For the Chinese, the Great Wall of China has defined much more than a physical barrier. Over the centuries it has represented a psychological frontier--within it lay the Celestial Kingdom, the compass of all civilization. Beyond lay a barbarian world of chaos and exile. Chinese journeys to the west along the ancient Silk Road were passages into the unknown, often into legend.
Following in their wake, Stanley Stewart recounts his wanderings halfway across Asia in Frontiers of Heaven, his Thomas Cook Travel Book of the Year Award-winning account. The journey took him from Shanghai to the banks of the Indus, and along the way he encountered the modern Chinese for whom these regions beyond the Wall still hold the same morbid fascination. Today, the great western province of Xinjiang is still a land of exile, the destination of soldiers, reluctant settlers, political prisoners, and disgraced officials.
Whether describing the lost cities of Central Asia, a Buddhist monastery in the shadow of Tibet, a Kirghiz wedding on the roof of the world, ballroom dancing in the Mountains of Heaven, an escape from the secret police in Kashgar, or a love affair in Xi''an, Stewart tells his story with wit, charm, and affection. In a book packed with character and incident, Stewart explores the paradoxes of travel, the lure of far horizons, and the isolation of exile.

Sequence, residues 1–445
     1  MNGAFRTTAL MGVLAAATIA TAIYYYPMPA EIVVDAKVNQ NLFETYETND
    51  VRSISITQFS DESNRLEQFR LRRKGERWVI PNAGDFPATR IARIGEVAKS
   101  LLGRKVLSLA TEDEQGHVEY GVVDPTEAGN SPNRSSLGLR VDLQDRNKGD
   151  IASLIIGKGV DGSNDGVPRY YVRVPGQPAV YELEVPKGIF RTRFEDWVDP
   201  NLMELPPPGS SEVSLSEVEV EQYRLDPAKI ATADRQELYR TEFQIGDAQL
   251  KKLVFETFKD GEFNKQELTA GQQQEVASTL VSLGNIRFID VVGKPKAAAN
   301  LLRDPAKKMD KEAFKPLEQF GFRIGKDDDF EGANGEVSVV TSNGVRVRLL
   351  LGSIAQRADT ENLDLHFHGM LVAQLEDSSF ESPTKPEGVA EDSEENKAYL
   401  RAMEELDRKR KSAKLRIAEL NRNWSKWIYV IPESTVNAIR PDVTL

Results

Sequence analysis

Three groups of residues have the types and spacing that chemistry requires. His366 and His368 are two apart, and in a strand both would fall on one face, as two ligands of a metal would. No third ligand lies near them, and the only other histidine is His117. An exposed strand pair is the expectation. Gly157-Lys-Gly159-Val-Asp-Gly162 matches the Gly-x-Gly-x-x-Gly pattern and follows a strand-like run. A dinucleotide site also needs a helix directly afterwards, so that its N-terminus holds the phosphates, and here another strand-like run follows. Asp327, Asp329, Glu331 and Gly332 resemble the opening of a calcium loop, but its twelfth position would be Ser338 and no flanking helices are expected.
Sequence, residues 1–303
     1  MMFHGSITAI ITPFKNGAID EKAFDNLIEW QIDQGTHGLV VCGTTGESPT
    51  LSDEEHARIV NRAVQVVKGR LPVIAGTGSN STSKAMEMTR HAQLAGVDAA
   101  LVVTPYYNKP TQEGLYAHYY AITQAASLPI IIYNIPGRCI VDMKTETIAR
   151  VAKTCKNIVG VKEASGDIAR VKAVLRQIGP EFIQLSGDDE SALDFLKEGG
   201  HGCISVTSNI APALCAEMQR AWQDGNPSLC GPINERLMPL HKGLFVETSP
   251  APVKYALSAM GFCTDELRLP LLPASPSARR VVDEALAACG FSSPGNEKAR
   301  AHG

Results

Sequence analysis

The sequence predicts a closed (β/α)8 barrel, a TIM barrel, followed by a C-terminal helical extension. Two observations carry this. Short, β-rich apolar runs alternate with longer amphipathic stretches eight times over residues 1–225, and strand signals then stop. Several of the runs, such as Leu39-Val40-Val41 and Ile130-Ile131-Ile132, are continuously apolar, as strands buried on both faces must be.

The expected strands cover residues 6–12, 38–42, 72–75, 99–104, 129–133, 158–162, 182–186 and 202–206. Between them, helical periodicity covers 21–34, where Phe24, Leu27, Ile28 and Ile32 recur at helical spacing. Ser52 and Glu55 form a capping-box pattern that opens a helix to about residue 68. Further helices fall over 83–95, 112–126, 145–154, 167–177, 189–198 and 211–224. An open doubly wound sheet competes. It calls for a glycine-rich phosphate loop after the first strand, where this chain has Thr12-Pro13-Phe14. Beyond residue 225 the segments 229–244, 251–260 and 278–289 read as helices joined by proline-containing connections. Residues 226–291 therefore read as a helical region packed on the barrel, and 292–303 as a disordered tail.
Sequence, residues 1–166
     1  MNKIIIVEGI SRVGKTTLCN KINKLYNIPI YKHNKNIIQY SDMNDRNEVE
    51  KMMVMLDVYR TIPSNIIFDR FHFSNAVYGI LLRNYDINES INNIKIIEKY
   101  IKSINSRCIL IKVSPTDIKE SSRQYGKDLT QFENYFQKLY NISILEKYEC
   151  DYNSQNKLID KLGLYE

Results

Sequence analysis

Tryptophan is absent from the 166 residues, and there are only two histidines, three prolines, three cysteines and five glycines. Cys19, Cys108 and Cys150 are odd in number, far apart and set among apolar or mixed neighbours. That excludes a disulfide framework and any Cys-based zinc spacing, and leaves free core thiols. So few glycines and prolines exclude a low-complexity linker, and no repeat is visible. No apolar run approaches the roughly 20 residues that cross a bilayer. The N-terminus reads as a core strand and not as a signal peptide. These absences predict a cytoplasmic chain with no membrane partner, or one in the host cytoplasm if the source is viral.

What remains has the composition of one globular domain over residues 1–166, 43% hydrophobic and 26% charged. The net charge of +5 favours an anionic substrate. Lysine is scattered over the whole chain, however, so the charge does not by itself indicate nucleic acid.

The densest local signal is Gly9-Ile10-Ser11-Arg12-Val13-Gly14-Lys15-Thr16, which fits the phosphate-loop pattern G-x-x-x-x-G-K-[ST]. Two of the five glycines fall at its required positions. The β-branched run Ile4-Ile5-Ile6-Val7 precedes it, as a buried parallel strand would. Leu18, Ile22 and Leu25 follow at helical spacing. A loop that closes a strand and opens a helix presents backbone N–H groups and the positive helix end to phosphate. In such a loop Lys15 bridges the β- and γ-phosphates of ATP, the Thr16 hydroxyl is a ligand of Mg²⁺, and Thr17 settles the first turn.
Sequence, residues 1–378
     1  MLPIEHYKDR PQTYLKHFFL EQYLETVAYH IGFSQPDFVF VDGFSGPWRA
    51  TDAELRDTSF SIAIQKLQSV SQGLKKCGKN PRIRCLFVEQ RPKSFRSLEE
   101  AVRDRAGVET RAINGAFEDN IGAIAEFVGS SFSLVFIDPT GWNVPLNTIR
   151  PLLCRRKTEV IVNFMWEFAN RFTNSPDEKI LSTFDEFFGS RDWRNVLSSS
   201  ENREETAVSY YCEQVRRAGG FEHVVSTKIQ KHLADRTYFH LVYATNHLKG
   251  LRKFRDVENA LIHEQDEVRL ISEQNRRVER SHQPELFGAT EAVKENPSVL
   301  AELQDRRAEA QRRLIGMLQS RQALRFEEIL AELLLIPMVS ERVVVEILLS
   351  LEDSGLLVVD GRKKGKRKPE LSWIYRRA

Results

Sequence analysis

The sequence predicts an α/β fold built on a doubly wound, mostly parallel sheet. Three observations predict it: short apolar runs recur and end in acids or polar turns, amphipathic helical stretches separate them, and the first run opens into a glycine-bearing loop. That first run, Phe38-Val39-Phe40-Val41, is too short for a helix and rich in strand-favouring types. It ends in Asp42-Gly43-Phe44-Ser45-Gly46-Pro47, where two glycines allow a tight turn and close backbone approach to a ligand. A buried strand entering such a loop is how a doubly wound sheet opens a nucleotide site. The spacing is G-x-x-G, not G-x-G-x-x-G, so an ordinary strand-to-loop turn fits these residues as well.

"Stewart is a master at weaving history and geography into cleverly reconstructed observations and encounters that range from the merely curious to the heartily bizarre. Juxtaposed against all is his unabashed fascination with unfamiliar surrounding and the isolation that comes with being alone."--Booklist "A Stanley Stewart travel story about a walk to the nearest corner would be a page-turner. And that is because, unlike too many other travel writers, he takes his reader on the most important trip of all: the journey of a good sentence."--The Washington Post "Self-deprecating and wry, Stewart is a gifted amateur in the classic tradition of Patrick Leigh Fermor; indeed, he seems to have no particular objective other than to observe and enjoy. This is not travel with a purpose; it is pure gratification, a fine addition to what is sometimes called 'loiterature.' "--New York Times Book Review "... The book is full of the kind of lively encounters most people find only in literature ... Stewart's narrative brings the Great Wall that much closer."--USA Today "Stewart writes of his experiences with compassion and great charm."--Chicago Tribune